It’s not just that Jesus walks with us. It’s that he speaks truth as we walk along. He interprets our stories based on his redemptive reality. Cleopas believed the story that Jesus was dead and all hope lost until “[Jesus] explained to them what was said in all the Scriptures concerning himself.” That’s when their hearts caught fire. Hope in the darkest moment rekindled!

Whatever happened to you in 2020 and beyond is not beyond God’s touch. Listen to Jesus as you walk. His truth heals. His truth rekindles hope even in the darkest times.

Sometimes he appears in the guise of a fellow traveler. In 1977 God spoke through The Redheaded-Wildflower.

God Not Calendars Change Us

The rolling of the calendar from December 31 to January 1 is not what changed my life nor what brings new hope. That’s just a temporal tick of the clock. It’s not resolutions. Administrations. Jobs. Weight loss. It’s redemption. God alone speaks alchemy into our leaden lives and turns them to gold. Every day that we grab God’s hand and listen for his voice dawns new!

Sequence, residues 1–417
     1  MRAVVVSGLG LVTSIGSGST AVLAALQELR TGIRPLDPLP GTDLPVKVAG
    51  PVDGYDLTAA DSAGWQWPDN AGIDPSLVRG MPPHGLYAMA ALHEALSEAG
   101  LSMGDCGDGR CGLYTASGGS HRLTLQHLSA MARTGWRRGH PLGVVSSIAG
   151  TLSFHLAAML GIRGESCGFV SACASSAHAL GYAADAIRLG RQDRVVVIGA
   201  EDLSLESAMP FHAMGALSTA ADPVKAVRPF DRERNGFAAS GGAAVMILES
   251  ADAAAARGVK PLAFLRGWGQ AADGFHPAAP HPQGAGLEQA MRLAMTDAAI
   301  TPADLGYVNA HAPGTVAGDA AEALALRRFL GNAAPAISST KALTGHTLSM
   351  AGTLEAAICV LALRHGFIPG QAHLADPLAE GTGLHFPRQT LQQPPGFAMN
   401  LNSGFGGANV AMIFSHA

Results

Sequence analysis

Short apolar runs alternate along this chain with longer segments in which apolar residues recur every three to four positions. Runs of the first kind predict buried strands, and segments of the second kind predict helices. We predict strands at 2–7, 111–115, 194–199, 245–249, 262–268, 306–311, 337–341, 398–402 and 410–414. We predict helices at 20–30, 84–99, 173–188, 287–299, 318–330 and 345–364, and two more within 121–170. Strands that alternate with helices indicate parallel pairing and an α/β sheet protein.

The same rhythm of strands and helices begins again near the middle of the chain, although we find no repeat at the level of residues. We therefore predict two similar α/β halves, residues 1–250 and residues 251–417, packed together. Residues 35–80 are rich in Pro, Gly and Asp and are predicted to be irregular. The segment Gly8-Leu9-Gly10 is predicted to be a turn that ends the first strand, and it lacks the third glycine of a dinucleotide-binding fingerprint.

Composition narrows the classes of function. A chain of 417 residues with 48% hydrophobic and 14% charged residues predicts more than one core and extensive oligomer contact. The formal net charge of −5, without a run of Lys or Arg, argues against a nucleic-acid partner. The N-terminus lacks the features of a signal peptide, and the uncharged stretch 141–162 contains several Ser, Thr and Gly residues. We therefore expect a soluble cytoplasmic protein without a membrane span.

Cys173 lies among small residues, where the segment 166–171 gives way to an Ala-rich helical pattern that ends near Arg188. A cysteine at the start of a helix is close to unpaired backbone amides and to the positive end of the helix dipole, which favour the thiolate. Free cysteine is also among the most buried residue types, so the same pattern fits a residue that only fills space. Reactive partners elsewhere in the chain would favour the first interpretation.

As I look back, I see the long trail of our lives. It has twisted, scaled, plummeted, dashed, disappeared, and snaked along precipitous cliff edges. No easy steps.

“How’d we make it?” I asked The Redheaded-Wildflower. Unwilling to give the true but easy answer of “walking with Jesus,” The Redheaded-Wildflower shrugged, smiled, and sipped more wine.

  

 

11 thoughts on “How God Rekindles Your Hope in Darkness”

  1. Georgie Ann KETTIG

    in Truth, God leaves us many signs of His existence and His Presence,… but what are we looking at?,… what are we paying attention to?,… I find that I have to withdraw from many of the (perhaps well-intentioned) activities and “information blasts” available, if I wish to keep awareness of God conscious and accessible in my thoughts and feelings,… and, I am very grateful to have safe and peaceful enough surroundings to be able to do that, more or less as an ongoing lifestyle,…